The main questions to consider include: is the artist an established name? Is the work from a good or particularly pivotal moment in the artist’s career or development? Is the attribution given in full (or qualified as ‘Studio’/ ‘Circle’/ ‘Follower’ of the artist)? Is the work included in the key literature on the artist — and if not, have the current experts been consulted? Has the work been included in any recent seminal exhibitions on the artist?
For new collectors, I would recommend acquiring a good example of a work by a relatively minor artist rather than a mediocre example, perhaps in a bad state, by a more established name.
This has always been a motivating factor when investing in works of art, since provenance adds interest and a certain legitimacy and weight to the object if esteemed collectors have considered it worthy of their collections. Charles I, for example, bought a superb collection of paintings and sculpture from the celebrated collection of the Duke of Mantua in the late 1620s.
Examples of pictures being sought after because of their interesting provenance include Thomas Gainsborough’s Portrait of Giusto Ferdinando Tenducci, above, which was sold from the collection of Yves Saint Laurent and Pierre Bergé in Paris in 2009 for €2,193,000 against an estimate of €400,000-600,000, and Frans Hals’ Portrait of a Gentleman, from the collection of Elizabeth Taylor, which sold in New York in 2012 for $2,098,500 against an estimate of $700,000-1,000,000.
More historic provenance can also add value. In December 2016 we offered a Constable sketch of Beaching a Boat, Brighton, below, which had been bequeathed to the artist’s daughter, Isabel Constable, and was later held in two celebrated collections on the Continent in the first half of the 20th century.
This work had also been included in the seminal exhibition of Constable’s celebrated ‘six-footers’ at Tate Britain, the National Gallery of Art in Washington, D.C., and the Huntington Art Gallery in San Marino, California.
These are particularly important factors to consider. While some Old Master paintings can appear to be in a bad state at first glance, this may be due to the original surface being obscured by layers of old discoloured varnish and dirt, which is often superficial.
It is better to invest in a slightly neglected work, which can be treated relatively easily with sensitive restoration, than in one that has been subjected to numerous campaigns of restoration in the past, some of which may have resulted in the original surface being abraded and over-painted.
In terms of rarity, it is always important to consider how prolific the artist was, and how frequently his work appears on the open market.
When excellent condition and rarity come together, works can achieve exceptional prices — and offer buyers a unique opportunity to acquire a work of significance and beauty. When a rare and exquisitely rendered portrait of a lady by the court painter William Larkin (above) came up for sale in July 2016, it made £266,500 against an estimate of £40,000-60,000.
Similarly, a stunning and beautifully preserved view of the Côte d’Opale in Picardy by Richard Parkes Bonington (above), executed shortly before his premature death in 1828 at the age of 25, was offered in the summer of 2016 and realised £1,370,500 against an estimate of £400,000-600,000.
Historically, family portraits or pictures collected on a Grand Tour have frequently become prized family heirlooms. At Christie’s we try to alert family members when portraits of their ancestors, or paintings associated with a particular house, which may subsequently have changed hands, come up for sale.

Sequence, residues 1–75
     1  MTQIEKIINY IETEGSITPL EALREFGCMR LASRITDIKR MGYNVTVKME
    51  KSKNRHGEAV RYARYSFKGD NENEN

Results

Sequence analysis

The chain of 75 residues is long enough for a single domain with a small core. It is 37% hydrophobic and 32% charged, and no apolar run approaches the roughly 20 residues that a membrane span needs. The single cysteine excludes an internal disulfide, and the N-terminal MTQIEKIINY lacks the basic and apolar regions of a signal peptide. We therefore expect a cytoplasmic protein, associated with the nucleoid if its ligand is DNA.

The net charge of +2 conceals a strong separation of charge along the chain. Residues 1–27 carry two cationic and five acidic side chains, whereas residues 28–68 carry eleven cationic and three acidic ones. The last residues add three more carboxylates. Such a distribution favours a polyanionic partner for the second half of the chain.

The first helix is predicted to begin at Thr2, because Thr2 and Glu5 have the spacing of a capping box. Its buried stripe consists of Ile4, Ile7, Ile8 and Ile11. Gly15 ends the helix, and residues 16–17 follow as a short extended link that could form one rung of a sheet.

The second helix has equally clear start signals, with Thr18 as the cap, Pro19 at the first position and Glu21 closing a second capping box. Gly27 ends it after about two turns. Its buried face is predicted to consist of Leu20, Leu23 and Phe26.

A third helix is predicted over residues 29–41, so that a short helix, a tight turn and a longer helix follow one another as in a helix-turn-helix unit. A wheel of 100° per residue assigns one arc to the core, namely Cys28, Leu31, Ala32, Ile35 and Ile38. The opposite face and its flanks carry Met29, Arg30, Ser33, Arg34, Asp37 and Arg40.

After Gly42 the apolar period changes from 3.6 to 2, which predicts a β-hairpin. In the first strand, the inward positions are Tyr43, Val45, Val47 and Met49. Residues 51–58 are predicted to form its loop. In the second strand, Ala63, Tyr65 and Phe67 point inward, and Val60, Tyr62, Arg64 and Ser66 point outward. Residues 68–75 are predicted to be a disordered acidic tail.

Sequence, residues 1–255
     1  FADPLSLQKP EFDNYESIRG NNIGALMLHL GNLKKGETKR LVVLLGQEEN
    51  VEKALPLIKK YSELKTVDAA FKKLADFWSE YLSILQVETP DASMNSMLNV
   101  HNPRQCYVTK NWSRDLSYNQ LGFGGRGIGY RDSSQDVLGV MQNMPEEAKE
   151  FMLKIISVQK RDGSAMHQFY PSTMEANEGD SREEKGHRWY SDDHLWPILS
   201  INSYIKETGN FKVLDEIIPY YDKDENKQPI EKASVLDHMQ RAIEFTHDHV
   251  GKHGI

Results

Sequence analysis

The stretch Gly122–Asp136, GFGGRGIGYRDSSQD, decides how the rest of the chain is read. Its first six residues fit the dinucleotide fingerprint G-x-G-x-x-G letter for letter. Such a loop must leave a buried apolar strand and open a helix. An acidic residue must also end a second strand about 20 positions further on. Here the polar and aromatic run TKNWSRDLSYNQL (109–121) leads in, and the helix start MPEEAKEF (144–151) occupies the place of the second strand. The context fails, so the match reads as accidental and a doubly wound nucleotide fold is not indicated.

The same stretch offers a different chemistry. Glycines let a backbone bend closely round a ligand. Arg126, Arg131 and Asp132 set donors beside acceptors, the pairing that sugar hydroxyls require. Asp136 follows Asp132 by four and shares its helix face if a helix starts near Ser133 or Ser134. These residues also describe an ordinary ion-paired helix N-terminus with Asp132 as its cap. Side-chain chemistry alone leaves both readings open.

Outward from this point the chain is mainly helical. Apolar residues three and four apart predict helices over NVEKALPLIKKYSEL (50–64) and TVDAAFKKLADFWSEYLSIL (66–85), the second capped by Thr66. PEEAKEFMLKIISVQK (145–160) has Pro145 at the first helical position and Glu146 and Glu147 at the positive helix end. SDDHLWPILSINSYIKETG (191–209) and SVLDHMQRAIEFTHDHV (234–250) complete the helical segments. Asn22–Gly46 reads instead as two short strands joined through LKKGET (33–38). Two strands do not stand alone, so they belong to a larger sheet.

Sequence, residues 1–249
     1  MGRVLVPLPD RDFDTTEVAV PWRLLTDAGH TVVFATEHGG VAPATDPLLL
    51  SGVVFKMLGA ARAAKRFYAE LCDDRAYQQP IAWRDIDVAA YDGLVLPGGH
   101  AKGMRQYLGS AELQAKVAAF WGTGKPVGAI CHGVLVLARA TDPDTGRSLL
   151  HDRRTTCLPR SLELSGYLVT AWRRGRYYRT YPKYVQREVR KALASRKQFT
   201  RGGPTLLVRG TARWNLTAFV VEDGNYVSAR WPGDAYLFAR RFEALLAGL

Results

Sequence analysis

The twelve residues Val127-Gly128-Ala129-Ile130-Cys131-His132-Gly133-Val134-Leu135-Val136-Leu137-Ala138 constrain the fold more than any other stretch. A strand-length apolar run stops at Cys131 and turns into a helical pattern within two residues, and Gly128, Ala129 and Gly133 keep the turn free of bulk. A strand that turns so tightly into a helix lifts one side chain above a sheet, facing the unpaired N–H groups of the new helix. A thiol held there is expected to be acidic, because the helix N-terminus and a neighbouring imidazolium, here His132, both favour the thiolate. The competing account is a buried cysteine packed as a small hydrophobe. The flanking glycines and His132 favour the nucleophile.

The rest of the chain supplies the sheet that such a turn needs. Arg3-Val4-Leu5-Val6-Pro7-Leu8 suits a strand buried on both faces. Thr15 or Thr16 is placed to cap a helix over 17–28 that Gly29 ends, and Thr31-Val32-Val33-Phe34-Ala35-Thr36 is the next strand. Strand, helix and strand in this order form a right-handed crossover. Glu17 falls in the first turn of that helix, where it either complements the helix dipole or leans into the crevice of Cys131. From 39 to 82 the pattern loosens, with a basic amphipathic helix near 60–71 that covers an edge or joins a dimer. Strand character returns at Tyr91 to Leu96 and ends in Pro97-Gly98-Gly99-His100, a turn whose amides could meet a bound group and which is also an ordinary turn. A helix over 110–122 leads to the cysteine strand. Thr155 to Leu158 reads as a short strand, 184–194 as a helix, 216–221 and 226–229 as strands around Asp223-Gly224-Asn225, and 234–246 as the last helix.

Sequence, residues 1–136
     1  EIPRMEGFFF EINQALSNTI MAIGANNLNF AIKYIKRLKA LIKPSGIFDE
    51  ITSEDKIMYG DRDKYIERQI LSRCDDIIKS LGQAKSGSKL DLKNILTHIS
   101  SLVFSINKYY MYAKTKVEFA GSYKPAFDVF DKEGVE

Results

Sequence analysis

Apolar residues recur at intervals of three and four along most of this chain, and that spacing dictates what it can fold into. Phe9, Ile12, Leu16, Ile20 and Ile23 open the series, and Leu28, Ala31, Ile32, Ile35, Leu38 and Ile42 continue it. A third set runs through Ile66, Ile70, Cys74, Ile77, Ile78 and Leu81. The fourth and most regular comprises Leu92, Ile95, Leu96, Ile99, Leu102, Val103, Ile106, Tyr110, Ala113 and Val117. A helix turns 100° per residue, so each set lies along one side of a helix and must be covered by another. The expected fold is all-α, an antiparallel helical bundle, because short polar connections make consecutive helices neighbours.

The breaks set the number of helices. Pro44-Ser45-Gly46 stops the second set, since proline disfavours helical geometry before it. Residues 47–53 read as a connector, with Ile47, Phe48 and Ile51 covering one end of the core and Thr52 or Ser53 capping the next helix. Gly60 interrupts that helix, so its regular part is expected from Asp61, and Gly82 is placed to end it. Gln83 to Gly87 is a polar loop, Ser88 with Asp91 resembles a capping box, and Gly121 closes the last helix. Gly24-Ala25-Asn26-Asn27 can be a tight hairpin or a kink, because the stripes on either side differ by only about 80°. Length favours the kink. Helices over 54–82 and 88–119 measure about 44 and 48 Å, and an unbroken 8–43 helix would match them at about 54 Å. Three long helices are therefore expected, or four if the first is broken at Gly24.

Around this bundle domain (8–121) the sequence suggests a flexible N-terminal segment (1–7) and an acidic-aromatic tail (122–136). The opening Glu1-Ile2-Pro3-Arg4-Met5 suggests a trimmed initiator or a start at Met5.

Alternatively, portraits of both royal sitters and important historical figures are likely to resonate with future generations. The same can apply to topographical views of European cities, university towns, or particular landscapes.
The advantage of buying Old Masters is that good examples of portraits, topographical views, still lifes and other genres can be found at varying price levels. In the £5,000-10,000 price bracket, for example, you can find decorative works catalogued as ‘Studio’ or ‘Circle’ of established artists, as well as fully attributed paintings by lesser-known Masters.
If you are interested in portraiture, there are wonderful 16th-century and early 17th-century Elizabethan and Jacobean portraits that can appeal to a modern aesthetic, the style being relatively flat and geometric, with pure blocks of colour.
Around 20 to 30 years ago, 18th-century Italian mythological scenes were in high demand, which drove up prices. Today, these works are more accessible (£10,000-20,000), while fine examples of idealised landscapes by artists such as Locatelli and L'Orizzonte (below) come on the market relatively frequently.
Wonderful Dutch and Flemish still lifes can be purchased at all price points. There are fine 17th-century paintings by second and third-tier Dutch and Flemish masters available for under £20,000, including intricate flower pieces and sumptuous table displays adorned with silver salt cellars and lobsters.
You can also acquire less ambitious works by more established artists for around £15,000 to £20,000, including portraits by Thomas Gainsborough and Sir Joshua Reynolds (see above). Prices can vary depending on the identity of the sitter, which is not always known. Portraits of royal sitters, on the other hand, have remained in demand throughout the centuries.
The same applies to topographical views of Venice and London, which have been coveted by new buyers and seasoned collectors due to the enduring appeal of the two cities.
Below are the Old Master paintings offered in our upcoming sales, which will probably contain examples of many of the styles and periods listed above. If you would like further information on our auctions or about buying your first work in this category, our international team of Old Masters specialists are ready to help.